I have to say that the powder looks great in it’s compact.

The first thing I always do before starting is feel the powder between my fingers. Scratch it a little and see the consistency. I already knew this one would be really dry before it ever touched my skin.

When I was applying swatches, the first thing I noticed was that while Diorskin’s Color 022 is described as “warm beige/ for light complexions with pink undertones,” E.L.F. was rocking the pink-beige harder than Dior ever could.  I mean this was a WARM color for a foundation, let alone a translucent powder.

The other big difference was the consistency; Diorskin is a creamy powder while E.L.F. was a dry powder. This came into play when applying them, because suddenly my face felt like the Nairobi Desert. Holy moley this powder was dry.

Dry powders tend to fall off the skin quicker, leave a patchy finish. They also enhance any dry flakes you have, giving your skin a less smooth finish.

My face was slightly pink (or orange?) and I already wanted to give up after step 2.

Lesson of this step? Swatches are not the same as your real skin.

Winner: Dior


Product #3: Brow Pencil – E.L.F. ($2) vs ABH Brow Wiz ($21)

After that translucent powder (translucent my ass!), I was ready to skip to something new.. just not my skin.

I opened the E.L.F. Brow Pencil and got ready to swatch it against the Anastasia Beverly Hills Brow Wiz.

This is one of those test where again one product is literally 10x the price of the other one. Brow Wiz is one of my holy grail brow products, but I was ready for E.L.F. to have a win (if for nothing else than the sake of my face).

To clarify here, I was using E.L.F.’s Brow Pencil in color “Taupe” and ABH’s Brow Pencil in “Medium Brown.”

Here are swatches below, on the table and on my skin (as the two can look a lot different):

elf vs abh brow wiz pencils

ELF vs ABH Brow Wiz brow swatch

That’s E.L.F.’s Brow Pencil in Taupe on the top (left) and Anastasia Beverly Hill’s Brow Wiz in Medium Brown on the bottom (right).

The colors were fairly similar, with E.L.F. leaning toward a reddish hue of brown (am I sensing a pattern here?) with ABH leaning toward a more grey-brown.

The E.L.F. pencil is also retractable and plastic, like the Brow Wiz, but the pencil itself is much thicker, lending it to less precision in drawing. The #1 reason I love the Brow Wiz is because of how thin the pencil lead is. The second reason is the color.

In the test, I thought E.L.F.’s pencil actually looked pretty good, though the reddish hue began to show itself more prominently in my brow’s inner corners, where they’re slightly thinner. I didn’t like the way the inner corner looked in the end.

The payoff was similar to the ABH pencil, though not exactly the same. Neither would be classified as “creamy.”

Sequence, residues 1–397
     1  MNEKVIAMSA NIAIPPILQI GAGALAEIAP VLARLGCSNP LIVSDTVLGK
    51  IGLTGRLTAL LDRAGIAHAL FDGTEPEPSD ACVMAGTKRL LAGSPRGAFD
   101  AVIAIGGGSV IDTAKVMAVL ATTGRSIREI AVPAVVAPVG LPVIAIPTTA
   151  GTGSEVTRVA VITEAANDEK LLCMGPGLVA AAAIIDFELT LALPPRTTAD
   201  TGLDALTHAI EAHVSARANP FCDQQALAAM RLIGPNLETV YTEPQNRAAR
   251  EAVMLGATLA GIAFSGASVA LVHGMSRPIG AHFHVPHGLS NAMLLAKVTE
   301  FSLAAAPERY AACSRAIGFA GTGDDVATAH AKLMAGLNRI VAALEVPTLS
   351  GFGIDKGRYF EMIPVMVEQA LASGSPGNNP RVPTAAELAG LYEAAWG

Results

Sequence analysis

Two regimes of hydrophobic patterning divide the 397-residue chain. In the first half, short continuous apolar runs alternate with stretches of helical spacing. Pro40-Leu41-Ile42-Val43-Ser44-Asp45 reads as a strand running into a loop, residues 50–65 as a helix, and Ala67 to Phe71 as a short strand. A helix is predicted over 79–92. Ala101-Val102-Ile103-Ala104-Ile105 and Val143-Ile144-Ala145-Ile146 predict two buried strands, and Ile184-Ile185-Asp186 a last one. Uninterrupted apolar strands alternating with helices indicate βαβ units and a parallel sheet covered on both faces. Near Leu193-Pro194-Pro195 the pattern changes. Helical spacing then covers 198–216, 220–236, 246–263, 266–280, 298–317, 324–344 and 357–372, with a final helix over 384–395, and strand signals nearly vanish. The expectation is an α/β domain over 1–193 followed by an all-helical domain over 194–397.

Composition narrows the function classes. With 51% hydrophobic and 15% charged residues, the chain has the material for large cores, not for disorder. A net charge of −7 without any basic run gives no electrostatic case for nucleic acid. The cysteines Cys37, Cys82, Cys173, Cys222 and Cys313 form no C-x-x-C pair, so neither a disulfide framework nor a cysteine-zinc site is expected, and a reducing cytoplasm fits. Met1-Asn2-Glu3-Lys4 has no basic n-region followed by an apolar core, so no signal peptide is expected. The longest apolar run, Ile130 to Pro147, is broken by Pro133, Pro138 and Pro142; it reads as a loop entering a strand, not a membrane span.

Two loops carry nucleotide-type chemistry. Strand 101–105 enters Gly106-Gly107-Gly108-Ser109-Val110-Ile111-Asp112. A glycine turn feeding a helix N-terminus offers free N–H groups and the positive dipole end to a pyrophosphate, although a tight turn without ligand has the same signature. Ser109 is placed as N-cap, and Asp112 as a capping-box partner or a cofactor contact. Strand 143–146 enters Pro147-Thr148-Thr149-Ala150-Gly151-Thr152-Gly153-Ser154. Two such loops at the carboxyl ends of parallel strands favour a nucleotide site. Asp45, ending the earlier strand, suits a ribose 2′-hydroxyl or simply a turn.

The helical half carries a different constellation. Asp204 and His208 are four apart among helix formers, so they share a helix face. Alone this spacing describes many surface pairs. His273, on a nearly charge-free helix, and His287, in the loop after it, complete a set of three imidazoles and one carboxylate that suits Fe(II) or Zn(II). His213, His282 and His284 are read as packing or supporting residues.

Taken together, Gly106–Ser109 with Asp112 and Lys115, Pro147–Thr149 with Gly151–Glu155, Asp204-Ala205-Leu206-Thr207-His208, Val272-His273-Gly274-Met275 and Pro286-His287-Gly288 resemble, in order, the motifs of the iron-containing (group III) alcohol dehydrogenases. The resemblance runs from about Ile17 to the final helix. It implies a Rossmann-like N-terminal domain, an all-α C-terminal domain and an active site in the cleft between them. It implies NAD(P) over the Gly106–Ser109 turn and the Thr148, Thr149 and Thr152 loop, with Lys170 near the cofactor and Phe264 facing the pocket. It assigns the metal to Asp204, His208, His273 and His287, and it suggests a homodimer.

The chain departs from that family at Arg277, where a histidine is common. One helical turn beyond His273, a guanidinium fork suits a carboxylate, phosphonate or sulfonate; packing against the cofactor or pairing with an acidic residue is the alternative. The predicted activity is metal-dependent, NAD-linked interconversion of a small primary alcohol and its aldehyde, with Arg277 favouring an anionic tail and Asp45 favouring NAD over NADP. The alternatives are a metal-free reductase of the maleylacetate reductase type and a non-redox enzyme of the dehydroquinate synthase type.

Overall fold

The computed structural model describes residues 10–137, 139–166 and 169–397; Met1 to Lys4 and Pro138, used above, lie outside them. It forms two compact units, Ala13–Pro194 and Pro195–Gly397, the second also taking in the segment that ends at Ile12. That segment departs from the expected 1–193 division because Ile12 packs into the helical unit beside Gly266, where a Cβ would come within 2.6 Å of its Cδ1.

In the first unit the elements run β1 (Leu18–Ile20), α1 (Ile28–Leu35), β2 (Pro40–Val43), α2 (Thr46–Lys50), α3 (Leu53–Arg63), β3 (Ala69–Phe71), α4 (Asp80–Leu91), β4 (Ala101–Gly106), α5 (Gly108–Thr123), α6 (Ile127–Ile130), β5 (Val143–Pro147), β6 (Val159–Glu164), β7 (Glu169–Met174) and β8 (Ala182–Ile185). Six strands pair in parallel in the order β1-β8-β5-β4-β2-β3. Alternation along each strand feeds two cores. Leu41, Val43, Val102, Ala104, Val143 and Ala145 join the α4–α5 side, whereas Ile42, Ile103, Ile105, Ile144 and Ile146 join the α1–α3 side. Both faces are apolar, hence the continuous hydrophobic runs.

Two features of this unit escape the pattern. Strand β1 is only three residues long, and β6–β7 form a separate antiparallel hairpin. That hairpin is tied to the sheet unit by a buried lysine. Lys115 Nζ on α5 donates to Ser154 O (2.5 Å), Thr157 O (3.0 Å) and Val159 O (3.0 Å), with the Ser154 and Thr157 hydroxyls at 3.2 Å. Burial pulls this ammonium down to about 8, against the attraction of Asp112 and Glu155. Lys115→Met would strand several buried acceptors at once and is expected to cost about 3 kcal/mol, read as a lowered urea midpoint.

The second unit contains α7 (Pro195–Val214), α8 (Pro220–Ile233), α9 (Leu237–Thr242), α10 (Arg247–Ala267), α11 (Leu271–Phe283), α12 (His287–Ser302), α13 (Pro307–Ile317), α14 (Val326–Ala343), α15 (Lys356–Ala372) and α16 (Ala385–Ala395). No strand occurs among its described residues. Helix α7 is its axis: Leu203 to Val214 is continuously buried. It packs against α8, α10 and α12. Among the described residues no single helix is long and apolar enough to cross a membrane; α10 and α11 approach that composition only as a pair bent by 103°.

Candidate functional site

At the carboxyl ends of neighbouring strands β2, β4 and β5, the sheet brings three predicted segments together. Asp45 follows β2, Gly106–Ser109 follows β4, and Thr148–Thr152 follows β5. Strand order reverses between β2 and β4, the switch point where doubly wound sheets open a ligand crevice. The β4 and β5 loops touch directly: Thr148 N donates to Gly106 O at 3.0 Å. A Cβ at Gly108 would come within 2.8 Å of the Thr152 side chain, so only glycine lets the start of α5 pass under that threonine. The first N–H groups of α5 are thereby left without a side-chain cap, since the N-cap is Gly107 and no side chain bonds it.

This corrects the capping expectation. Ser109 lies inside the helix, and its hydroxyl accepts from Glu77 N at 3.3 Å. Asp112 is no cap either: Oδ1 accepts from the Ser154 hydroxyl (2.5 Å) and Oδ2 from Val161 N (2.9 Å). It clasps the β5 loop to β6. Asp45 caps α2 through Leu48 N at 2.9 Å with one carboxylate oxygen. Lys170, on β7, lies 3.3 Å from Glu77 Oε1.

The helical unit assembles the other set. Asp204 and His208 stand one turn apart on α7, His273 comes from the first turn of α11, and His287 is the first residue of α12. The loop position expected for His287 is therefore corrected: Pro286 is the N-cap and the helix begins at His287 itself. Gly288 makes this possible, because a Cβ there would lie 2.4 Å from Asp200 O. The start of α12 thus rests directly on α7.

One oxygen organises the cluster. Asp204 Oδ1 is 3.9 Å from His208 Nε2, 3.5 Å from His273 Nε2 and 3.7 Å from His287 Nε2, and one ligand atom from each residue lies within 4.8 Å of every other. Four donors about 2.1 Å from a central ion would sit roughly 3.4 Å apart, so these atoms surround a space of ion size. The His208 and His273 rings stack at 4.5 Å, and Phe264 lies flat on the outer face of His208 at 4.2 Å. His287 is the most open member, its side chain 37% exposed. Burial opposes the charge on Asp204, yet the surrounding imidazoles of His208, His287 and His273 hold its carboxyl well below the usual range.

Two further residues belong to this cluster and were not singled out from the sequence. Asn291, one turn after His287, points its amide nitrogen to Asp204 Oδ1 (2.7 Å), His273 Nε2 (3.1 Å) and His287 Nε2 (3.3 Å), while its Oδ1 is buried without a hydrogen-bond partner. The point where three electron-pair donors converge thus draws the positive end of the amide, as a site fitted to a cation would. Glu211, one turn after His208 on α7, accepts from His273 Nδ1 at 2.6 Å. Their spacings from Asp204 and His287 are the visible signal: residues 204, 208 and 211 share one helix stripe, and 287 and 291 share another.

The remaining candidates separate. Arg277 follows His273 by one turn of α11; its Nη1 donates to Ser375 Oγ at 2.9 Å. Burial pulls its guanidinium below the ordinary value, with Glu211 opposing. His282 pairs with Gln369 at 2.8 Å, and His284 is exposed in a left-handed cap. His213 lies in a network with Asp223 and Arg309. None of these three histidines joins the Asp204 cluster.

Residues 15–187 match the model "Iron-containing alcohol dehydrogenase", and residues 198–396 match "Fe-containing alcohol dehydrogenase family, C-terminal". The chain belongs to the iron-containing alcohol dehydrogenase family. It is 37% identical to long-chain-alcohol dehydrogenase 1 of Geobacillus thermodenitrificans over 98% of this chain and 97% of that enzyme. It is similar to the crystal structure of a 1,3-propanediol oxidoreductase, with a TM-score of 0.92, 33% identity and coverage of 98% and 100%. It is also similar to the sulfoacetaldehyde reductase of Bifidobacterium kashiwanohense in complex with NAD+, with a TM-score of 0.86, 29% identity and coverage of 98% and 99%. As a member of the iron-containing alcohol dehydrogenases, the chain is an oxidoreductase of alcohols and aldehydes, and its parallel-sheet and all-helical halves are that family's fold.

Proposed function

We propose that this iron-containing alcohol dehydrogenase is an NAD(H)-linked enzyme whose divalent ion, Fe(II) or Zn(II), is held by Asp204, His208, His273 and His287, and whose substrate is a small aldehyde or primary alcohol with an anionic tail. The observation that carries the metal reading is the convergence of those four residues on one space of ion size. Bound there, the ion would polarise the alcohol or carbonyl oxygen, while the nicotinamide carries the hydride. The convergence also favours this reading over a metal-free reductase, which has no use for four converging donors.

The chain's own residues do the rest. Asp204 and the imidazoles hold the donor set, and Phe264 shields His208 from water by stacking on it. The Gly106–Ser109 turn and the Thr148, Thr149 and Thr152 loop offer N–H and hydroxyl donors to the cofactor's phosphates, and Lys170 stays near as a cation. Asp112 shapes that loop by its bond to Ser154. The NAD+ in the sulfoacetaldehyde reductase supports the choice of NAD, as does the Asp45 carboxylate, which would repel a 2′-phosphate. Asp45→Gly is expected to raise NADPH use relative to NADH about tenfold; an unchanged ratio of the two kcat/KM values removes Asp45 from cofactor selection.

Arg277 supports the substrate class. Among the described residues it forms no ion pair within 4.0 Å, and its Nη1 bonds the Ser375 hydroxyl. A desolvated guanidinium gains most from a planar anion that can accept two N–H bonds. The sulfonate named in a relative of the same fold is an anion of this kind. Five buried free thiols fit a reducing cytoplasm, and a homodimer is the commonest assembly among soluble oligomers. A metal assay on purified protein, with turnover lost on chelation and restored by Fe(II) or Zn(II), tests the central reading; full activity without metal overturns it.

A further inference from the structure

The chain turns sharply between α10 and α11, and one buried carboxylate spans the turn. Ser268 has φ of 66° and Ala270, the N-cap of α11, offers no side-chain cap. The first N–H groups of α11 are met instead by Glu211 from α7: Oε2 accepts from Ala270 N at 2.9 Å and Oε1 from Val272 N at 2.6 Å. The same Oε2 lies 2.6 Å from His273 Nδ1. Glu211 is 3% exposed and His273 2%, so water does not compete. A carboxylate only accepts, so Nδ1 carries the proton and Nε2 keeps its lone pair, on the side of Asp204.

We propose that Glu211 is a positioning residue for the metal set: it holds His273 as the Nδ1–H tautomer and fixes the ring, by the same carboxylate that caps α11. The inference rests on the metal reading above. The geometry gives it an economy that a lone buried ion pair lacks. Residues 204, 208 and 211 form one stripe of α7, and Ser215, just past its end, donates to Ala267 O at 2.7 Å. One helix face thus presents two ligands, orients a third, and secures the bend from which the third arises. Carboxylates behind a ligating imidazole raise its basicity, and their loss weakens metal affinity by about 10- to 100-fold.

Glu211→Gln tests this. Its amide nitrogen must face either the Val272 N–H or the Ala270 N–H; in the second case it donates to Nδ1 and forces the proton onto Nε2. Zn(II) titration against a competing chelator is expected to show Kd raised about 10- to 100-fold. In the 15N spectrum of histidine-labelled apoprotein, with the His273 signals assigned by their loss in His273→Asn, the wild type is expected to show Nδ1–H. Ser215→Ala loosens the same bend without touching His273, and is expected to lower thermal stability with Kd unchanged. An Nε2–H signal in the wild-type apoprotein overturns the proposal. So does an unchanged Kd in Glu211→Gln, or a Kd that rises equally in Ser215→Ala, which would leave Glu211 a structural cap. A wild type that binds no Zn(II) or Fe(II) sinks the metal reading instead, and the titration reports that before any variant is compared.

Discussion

E.L.F. really failed to deliver on the two aspects that I love most about the Brow Wiz, but it didn’t totally fail the test.

For those who really can’t foot the bill on a $21 Brow Pencil, E.L.F. is a decent drugstore dupe. Just know that even the Taupe runs a bit red and it’s imprecise at best, with a lead diameter 5x that of the Brow Wiz.

Winner: Anastasia Beverly Hills


Product #4: Blush/Bronzer Duo – E.L.F. ($4) vs NARS ($24)

To be clear, we are comparing a duo of two FULL-sized products in the E.L.F.Blush/Bronzer Duo vs the NARS Orgasm/Laguna Duo of two mini products. The full-sized ones are about $40 each, so we’re really comparing $4 vs. $80 here.

I had heard that E.L.F.’s duo was really similar to the best-selling NARS duo, but I had to put it to the test myself. I’ve been a NARS fan for years, and I believe there’s a reason that NARS is THE go-to brand for blush.

Here’s the palettes and swatches:

NARs vs ELF blush and bronzer

nars vs elf swatches

The order from left to right is NARS Orgasm Bush – ELF Blush – ELF Bronzer – NARS Laguna Bronzer.

From the looks of it, you can already see that NARS’ Orgasm Blush is much pinker than the E.L.F. blush, which comes off as an orangey-peach. The E.L.F. blush also contains much more shimmer than Orgasm, making you wonder if it’s a mimic of Super Orgasm instead. After some research I’ve concluded that it’s most close to the Hot Sands/Laguna duo, which has a muted pink as opposed to Orgasm’s bright pink.

But why?!

Why copy a second-rate NARS color when Orgasm is the best selling blush of all time?


When I went to apply the blush and bronzer, some standard beauty advice came to mind: “Don’t use bronzer to contour.”

I never followed this advice; I thought it was stupid. The theory behind it is that bronzer is too warm, so you should stick to a cooler color that is 1-2 shades darker than your skin instead of using bronzer. That makes sense in theory, but in practice, Laguna isn’t that warm.

E.L.F.’s Laguna dupe IS that warm.

You can’t that from looking at the photo above, but..

It is HELLA warm.

It is sunburn turned into suntan warm.

And it’s more highly pigmented than Laguna – something I never expected. Now I had a patchy, dry face with a big splotch of red-hot-brown-bronzer under my cheekbones.